“Amazon really solved buying, but it killed shopping in the process,” says Glossier CEO Emily Weiss, highlighting the emotion that’s been lost in the pursuit of functional efficiency, and identifying a symptom of the business zeitgeist of the last decades. Offices and airplanes optimized for density over comfort. Product formulations optimized for margins over health and quality. Apps optimized for data collection over privacy. Employee management optimized for stack ranking over mentorship. Delivery services optimized for “the shut in economy” over healthy communities.
Functional efficiency optimized; the human experience diminished.
Everything is efficient, and everyone is miserable. America, and many other countries, experience an Easterlin Paradox, where income per person has doubled since 1972, but happiness has fallen. Most employees are disengaged, and most people think the country is heading in the wrong direction.
So what are we actually optimizing?
Shareholder profit and consumer convenience, certainly. But not happiness or fulfillment. When we were young, did any of us ever aspire to efficiency and shareholder servitude? Is that the legacy we strive for?
Almost suddenly and with surprise, disparate voices are raising the alarm that efficiency-optimized “business as normal” is not working. Even the unlikely voice of conservative commentator Tucker Carlson is joining the chorus, saying “our system was created by human beings for the benefit of human beings. We do not exist to serve markets. Just the opposite.” As is conservative commentator David Brooks calling for a “remoralization of the market.”
And its also penetrated the highest levels of business. Hemant Taneja, managing director of venture capital firm General Catalyst, says: “The era of move fast and break things is over,” referring to Facebook’s infamous and democracy-diminishing mantra. Larry Fink, CEO of the largest investment firm in the world, Blackrock, says, “Society is increasingly looking to companies, both public and private, to address pressing social and economic issues.”
This surge of positive intention is good; certainly better late than never.
How many companies consider the fundamental conditions of thriving humans in their decision-making? It does not appear to be many. The bastions of American business education have traditionally been more likely to teach exchange rate theory than the ingredients of human fulfillment.
How to reawaken the humanity in business?
There’s clear research on what creates happiness and fulfillment, not least by Martin Seligman and the University of Pennsylvania’s Authentic Happiness initiative. UC Berkley also has a school studying the psychology, sociology, and neuroscience of well-being, and its “Keys for a meaningful life” is a good place to start for any business people looking for sound foundational knowledge. The UN even conducts a rigorous annual evaluation of each country’s well-being –The World Happiness Report – that looks at factors like confidence, freedom, depression, and social support.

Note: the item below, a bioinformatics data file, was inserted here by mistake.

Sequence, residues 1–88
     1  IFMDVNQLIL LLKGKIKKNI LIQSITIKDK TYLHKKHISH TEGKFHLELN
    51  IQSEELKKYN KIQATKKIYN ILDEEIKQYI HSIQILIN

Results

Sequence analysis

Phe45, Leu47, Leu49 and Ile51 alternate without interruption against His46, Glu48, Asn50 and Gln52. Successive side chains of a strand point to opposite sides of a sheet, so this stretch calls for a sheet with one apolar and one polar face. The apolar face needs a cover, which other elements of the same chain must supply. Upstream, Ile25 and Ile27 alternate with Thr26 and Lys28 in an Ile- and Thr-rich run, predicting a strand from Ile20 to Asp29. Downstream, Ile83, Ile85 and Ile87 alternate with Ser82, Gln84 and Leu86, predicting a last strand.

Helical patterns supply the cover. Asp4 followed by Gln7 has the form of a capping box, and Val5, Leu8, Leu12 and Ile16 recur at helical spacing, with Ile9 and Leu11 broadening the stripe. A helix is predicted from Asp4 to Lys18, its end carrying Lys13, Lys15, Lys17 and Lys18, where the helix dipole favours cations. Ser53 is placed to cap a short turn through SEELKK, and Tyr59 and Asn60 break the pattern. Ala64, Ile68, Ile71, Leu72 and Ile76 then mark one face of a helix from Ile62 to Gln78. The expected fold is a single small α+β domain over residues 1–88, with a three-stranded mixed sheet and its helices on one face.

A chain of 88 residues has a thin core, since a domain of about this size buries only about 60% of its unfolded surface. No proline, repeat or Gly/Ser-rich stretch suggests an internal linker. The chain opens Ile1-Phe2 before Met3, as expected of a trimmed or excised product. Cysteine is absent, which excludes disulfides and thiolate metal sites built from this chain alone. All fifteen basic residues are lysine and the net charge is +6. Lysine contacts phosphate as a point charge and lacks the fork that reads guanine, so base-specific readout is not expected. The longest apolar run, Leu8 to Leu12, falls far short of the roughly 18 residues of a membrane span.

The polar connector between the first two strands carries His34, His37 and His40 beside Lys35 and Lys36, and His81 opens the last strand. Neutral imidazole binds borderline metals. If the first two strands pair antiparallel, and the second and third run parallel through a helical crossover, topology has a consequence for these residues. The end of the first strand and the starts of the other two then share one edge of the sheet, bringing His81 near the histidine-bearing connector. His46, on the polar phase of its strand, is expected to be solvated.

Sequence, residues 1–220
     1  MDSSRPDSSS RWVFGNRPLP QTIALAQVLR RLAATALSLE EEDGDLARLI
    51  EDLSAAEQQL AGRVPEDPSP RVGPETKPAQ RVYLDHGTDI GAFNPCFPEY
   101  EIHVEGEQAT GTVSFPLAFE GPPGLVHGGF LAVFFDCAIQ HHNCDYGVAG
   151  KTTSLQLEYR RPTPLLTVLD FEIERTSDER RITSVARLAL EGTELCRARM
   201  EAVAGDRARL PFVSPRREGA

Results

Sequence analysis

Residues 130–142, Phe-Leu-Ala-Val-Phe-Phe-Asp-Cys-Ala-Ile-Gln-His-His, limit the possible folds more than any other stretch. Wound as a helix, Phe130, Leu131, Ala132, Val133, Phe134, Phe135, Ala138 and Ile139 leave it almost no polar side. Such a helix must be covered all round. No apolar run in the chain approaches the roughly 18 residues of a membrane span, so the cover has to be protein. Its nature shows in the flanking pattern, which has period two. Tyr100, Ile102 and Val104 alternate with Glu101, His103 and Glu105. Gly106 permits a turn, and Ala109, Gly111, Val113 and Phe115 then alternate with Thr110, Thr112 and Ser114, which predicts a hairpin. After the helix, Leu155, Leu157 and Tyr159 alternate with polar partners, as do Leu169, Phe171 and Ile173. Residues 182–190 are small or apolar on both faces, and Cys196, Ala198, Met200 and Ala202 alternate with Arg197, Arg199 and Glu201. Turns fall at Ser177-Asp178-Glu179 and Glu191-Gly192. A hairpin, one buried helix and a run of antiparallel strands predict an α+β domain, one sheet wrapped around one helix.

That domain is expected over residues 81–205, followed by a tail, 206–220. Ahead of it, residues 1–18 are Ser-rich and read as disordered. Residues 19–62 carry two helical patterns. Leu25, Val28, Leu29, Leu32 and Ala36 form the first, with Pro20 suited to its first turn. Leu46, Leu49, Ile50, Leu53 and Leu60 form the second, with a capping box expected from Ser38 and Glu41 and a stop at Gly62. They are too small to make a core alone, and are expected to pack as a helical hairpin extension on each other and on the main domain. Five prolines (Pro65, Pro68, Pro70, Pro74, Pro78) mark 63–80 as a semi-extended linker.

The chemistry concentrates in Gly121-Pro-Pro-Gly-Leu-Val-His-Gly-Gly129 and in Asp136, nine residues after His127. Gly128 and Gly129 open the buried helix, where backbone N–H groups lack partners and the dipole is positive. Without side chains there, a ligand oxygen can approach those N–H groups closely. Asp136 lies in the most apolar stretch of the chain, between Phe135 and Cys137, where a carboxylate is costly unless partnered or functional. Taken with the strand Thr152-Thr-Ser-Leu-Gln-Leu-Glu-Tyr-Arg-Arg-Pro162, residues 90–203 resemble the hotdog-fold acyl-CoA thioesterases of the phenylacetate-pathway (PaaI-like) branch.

Not terribly long ago, marketing departments used to be considered “the voice of the customer,” and therefore directed “the 4 Ps of marketing”: product, price, placement, and promotion. In other words, the department responsible for bringing humanity into an organization was responsible for much of the business. Today, company leadership is less oriented to this expansive role for marketing, and more oriented to engineering (in Silicon Valley, in particular), finance (in private equity-owned companies, in particular), and operations (in mature companies, in particular). Marketing has been significantly restricted to the role of promotion : determining how to promote products after they’ve been established. Here, too, optimization has become the mantra, with marketing focusing on search engine optimization, programmatic advertising, AI-developed brand creative, and other soul-destroying forms of mass human interruption rather than mass human betterment.
In many cases, companies are looking to make up for this dysfunction with a rejuvenated orientation to purpose. But purpose is not the answer. Purpose is unfulfilled intention. Useful–even critical –but futile without real-world positive impact for people or the planet. “Purpose-oriented” advertising campaigns are not the answer, as Pepsi, Colgate, and many others are learning–they are not a short-cut to understanding what creates human well-being and creating products, services, and programs that serve it.
Any company shifting toward a humanity-optimized business should have a strong internal voice of the customer, whether that’s a stronger role for marketing or a reorientation of other leaders and teams.
The potential is tantalizing
A world populated by companies that optimize for humanity would be a very different world. More communal, better tasting, healthier, happier, more joyful, and more beautiful. Could those things really be at odds with business success? Sure, the extra cents going to sugar rather than high-fructose corn syrup may reduce near-term margins, but what do healthier, happier customers do for a brand’s long-term success, or its ability to inspire the best employees? Choosing not to surveil your customers may limit your database in the short term, but what’s the long-term cost of breaching users’ trust?
Where there’s dysfunction, there’s an opportunity for disruption. For entrepreneurs who understand human well-being, a generation of soulless, efficiency-optimized companies are there for the taking. There’s a role for all of us in this shift. As employees making decisions, as customers making decisions, let’s choose to thrive.
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